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Link to an image of this page  Link to an image of this page  [N5v f125v]

Ocni effigies, de iis qui meretricibus do-
nant, quod in bonos usus
verti debeat.[1]

A representation of Ocnus. On those who give to whores what should be turned to good use.

Emblema xci.

Impiger haud cessat funem contexere sparto,
Humidaque artifici iungere fila manu.[2]
Sed quantum multis vix torquet strenuus horis,
Protinus ignavi ventris asella vorat.
Femina iners animal facili congesta marito
Lucra rapit, mundum prodigit ínque suum.

Ocnus never stops busily plaiting rope from broom, joining the damp fibres with skilful hand. But what he manages to spin with great effort in many hours the she-ass, a beast with greedy guts, continuously consumes. - Woman, an idle creature, grabs the accumulated savings from her complaisant husband and squanders it on her own adornment.

Link to an image of this page  Link to an image of this page  [N6r f126r]

ID ex Pausaniae Phocicis. Ocnus texens è junco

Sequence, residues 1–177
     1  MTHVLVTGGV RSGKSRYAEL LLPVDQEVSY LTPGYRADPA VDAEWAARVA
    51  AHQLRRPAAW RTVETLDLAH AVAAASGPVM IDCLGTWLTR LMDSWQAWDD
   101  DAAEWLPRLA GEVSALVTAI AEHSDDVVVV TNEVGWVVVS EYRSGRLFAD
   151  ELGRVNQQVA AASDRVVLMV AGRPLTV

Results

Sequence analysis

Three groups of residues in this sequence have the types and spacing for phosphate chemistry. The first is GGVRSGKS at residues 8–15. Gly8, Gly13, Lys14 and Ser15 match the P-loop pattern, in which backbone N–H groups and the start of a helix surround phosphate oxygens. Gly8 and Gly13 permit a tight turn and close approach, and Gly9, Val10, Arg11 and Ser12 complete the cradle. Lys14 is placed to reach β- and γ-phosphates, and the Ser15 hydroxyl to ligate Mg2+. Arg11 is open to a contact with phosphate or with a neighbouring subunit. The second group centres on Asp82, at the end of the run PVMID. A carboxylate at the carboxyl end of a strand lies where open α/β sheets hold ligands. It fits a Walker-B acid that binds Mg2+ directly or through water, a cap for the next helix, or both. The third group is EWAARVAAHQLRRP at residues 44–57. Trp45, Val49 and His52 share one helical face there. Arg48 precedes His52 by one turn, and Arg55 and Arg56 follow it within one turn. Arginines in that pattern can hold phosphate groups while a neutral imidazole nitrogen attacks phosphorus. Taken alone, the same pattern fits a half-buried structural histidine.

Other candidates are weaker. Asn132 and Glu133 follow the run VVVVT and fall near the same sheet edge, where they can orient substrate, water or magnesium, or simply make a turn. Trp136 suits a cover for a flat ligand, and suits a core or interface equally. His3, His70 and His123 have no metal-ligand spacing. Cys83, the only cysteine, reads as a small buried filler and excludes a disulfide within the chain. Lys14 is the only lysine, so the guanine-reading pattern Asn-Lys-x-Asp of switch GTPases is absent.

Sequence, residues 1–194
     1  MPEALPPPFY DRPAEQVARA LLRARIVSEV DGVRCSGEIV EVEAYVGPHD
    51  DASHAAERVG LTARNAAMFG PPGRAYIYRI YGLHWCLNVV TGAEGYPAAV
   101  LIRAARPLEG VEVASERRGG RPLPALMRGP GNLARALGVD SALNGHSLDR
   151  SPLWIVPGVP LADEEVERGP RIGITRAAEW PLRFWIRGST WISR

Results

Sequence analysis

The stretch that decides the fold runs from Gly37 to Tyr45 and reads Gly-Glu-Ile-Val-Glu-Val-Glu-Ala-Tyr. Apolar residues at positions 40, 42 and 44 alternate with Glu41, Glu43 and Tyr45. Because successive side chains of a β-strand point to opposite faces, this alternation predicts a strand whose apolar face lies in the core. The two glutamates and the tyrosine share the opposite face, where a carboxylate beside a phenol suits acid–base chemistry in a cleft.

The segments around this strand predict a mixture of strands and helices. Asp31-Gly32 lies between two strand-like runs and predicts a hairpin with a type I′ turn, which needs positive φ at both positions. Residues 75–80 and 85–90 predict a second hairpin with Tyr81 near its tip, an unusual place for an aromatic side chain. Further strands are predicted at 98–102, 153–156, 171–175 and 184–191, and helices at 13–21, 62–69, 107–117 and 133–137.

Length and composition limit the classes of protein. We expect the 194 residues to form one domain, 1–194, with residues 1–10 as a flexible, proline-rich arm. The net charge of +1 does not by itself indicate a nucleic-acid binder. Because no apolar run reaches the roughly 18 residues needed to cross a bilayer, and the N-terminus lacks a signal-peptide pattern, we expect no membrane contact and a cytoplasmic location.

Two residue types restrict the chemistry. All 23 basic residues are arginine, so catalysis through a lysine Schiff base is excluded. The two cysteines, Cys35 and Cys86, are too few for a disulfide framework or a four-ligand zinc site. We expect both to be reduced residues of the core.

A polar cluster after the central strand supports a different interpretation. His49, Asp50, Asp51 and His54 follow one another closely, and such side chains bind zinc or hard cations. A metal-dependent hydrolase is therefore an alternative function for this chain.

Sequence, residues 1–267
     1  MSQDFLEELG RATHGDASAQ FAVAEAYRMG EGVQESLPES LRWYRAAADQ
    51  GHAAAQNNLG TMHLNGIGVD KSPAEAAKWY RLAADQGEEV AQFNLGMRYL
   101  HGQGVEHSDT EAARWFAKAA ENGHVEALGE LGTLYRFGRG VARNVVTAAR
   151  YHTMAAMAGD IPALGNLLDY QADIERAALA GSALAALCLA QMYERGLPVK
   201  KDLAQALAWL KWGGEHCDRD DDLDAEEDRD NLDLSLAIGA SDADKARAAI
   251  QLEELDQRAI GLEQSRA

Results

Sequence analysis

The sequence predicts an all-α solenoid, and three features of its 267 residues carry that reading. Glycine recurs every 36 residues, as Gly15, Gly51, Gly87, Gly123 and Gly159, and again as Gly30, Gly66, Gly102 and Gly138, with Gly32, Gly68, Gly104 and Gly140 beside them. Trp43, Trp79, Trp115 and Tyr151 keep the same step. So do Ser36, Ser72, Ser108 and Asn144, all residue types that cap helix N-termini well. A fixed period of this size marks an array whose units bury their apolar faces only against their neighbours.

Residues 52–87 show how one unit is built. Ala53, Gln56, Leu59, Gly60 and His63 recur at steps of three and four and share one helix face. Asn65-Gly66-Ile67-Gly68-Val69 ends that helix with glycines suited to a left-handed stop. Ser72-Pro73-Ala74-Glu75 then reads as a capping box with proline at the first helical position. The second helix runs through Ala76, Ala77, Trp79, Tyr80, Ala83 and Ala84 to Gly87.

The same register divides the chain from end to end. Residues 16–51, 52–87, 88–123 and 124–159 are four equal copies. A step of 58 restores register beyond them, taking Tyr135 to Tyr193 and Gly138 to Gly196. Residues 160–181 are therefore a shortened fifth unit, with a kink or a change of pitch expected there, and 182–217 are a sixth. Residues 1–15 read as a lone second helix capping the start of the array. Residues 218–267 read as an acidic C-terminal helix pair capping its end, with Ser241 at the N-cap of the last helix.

restim vel funem, quem asella prope astans con-
festim voret, gnavum & industrium hominem no-
tat, qui uxorem habet quae statim dilapidet & ab-
sumat quicquid ille suo labore conquisierit: ut est
mulierum quoddam genus maximè sumptuosum
& prodigum.

Link to an image of this page  Link to an image of this page  [N6v f126v]

L’effigie d’Ocnus: de ceux qui donnent aux
putains ce qui devoit estre converti
en bons usages.

UN cordier aspre à son ouvrage,
Le long du jour va travaillant:
Il file, il est tousjours veillant,
Mais non à proffit de mesnage.
Car une Asnesse mange tout
Ses chordes d’herbes jusqu’au bout:
Ainsi la femme despensiere
Consume bien souvent en vain
De son trop bon mary le gain,
Du reste ne s’en souci’ guiere.

CEcy est tiré des Phociques de Pausa-
nias
. Ocnus tissant une chorde de jonc,
qu’une asnesse estant à costé devore inconti-
nent signifie un homme actif, & diligent, qui
ha une femme qui despense & consume aus-
si tost tout ce que le pauvre homme aura
gaigné à la sueur de son corps, comme c’est
la maniere de quelques femmes d’estre gran-
des despencieres & prodigues.

Notes:

1.  The painting by Polygnotus depicting this scene is described in Pausanias, Periegesis 29.2. See also Propertius, Elegies 4.3.21; Erasmus, Adagia 383, Contorquet piger funiculum. Ocnus, idleness personified, was a proverbial example of wasted effort.

2.  Variant reading in 1550, artificis ... manu, ‘with a craftman’s hand’.


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